This year marks the 200th anniversary since the War of 1812 and what many call the massacre of Fort Dearborn. The army built that fort in what is now Chicago in 1803.
“We’ve got that outpost in Indian Country and it’s that outpost that comes under attack as they’re leaving the fort on August 15, 1812,” said Ann Keating, Professor of History at North Central College. “The battle that takes place is the Potawatomi and their allies win that battle on august August 15, 1812.”
But the Indians lose the war overall and so American settlers take over a 20-mile stretch of land between the DuPage and Des Plaines rivers.
“The result of this war is that the U.S. will become a country based on Westward expansion,” said Keating. “If the war had gone differently then I think we’d be look at a smaller country and in several pieces.”
This paved the way for Joe Naper to settle in what we know as Naperville today. But soon after, war once again threatened efforts to expand Westward. So Captain Morgan Payne along with 50 volunteers came to Naper Settlement to build a 100-square foot fort similar to Dearborn.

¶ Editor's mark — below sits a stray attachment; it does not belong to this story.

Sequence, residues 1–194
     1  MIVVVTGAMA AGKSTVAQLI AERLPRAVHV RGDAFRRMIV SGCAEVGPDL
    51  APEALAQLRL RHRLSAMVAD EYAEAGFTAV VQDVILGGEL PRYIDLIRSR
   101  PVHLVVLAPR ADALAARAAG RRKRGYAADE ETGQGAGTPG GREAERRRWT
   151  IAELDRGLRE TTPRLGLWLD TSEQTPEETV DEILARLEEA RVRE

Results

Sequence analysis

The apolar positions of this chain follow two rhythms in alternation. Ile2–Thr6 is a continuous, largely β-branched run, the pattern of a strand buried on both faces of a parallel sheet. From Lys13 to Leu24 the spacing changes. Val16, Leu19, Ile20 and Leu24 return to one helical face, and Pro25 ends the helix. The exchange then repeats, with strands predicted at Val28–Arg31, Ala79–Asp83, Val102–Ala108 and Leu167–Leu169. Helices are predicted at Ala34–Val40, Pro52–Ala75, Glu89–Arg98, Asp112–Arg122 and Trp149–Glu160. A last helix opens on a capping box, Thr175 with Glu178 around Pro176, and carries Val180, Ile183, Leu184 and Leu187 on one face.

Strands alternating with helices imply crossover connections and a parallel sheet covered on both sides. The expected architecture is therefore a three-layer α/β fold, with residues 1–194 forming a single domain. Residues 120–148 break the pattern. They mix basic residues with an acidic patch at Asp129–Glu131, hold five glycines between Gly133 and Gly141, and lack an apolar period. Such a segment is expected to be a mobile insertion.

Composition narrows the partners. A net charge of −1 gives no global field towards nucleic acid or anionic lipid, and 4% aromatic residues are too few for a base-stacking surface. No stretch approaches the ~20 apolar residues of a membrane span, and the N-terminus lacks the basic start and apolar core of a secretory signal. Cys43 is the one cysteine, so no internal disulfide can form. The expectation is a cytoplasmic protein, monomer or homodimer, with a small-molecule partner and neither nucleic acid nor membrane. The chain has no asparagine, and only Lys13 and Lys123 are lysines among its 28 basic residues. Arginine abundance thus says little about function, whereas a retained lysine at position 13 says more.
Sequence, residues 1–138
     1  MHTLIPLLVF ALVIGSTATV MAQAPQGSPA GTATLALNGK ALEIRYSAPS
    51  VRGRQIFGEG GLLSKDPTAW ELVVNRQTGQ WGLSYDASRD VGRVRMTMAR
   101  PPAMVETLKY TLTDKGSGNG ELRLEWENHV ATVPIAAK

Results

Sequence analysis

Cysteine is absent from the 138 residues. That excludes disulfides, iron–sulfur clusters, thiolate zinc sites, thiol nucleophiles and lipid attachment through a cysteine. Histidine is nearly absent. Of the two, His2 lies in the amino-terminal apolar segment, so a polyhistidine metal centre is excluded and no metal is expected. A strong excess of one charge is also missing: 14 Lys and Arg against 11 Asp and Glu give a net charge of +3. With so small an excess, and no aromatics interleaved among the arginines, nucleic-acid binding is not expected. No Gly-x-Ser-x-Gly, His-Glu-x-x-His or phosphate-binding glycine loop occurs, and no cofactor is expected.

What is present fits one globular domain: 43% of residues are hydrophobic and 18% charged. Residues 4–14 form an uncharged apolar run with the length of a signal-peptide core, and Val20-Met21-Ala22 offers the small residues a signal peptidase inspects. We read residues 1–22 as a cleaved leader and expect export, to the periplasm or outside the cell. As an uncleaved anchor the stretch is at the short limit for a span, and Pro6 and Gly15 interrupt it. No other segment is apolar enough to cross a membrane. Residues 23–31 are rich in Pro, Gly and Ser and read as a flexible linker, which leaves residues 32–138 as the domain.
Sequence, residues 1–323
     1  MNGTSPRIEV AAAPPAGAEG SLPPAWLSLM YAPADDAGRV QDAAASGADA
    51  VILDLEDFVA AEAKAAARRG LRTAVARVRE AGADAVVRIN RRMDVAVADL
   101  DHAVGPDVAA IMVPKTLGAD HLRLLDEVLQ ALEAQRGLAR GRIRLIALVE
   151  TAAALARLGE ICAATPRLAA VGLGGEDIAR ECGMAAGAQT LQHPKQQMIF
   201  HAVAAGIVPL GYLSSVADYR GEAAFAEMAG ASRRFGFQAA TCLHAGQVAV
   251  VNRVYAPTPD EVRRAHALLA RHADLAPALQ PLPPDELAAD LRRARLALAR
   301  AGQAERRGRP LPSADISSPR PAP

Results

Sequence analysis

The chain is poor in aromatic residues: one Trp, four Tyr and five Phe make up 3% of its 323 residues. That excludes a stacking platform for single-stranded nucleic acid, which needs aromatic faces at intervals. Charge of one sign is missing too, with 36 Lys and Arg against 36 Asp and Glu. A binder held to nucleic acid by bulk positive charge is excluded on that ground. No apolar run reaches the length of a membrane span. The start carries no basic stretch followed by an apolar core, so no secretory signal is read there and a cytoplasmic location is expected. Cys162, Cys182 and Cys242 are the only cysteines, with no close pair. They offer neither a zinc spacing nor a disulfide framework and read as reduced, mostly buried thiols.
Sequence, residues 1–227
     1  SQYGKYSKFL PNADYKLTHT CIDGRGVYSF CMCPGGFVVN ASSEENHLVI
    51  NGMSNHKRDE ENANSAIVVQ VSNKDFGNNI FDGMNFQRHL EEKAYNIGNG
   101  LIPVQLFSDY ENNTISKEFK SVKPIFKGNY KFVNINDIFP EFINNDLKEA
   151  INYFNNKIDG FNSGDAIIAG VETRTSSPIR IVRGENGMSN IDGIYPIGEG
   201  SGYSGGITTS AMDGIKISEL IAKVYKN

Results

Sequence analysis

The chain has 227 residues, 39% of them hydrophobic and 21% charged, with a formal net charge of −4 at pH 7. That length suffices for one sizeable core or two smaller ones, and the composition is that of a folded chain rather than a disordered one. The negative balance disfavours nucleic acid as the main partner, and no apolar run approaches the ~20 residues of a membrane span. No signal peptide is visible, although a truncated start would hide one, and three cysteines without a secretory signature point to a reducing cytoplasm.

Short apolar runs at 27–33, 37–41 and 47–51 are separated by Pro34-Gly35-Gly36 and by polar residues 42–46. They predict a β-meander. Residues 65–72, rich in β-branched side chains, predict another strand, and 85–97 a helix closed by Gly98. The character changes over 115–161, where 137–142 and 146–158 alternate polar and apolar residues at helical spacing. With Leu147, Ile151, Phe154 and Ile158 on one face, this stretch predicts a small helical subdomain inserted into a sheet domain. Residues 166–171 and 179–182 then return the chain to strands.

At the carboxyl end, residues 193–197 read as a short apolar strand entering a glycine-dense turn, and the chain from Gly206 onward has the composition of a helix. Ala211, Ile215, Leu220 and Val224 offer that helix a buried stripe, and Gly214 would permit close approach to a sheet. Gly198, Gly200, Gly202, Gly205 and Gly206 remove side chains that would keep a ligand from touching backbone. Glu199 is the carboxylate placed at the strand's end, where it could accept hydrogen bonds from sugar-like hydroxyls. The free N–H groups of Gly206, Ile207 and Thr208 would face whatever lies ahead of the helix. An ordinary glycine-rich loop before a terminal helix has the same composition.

“Fort Payne is built in 1832 by American settlers in and around Naperville who were worried about being attacked by Native Indians during the Blackhawk war,” said Keating.
During that brief war, Black Hawk, leader of the Sauk Indians tried to take back land that was originally theirs. Instead, what resulted is the Native Americans lost their land and were forced to head west of the Mississippi River.
“The interesting thing thinking about the end of Indian country with Fort Payne – there’s this theory that Indians no longer remain,” said Keating. “The fact of the matter is that Native Americans continue to live in this region right down to the present.”
In fact, North Central College provided refuge to some Native Americans in the 1970s by offering them to stay at Camp Segar, now Segar Park.
Susan Power, the region’s oldest living Native American today, recalls staying there and says there’s one thing she hopes the community remembers, above all else, about the Indians.
“We weren’t the savages that you were taught that we were,” she said. “We were human beings, we held children, and we dried their tears when they cried.”
Today a sign on a hill between North Central College’s football field and a residential hall pays tribute to where Fort Payne once protected our earliest settlers, while a replica of the fort gives visitors of Naper Settlement a glimpse into our past.
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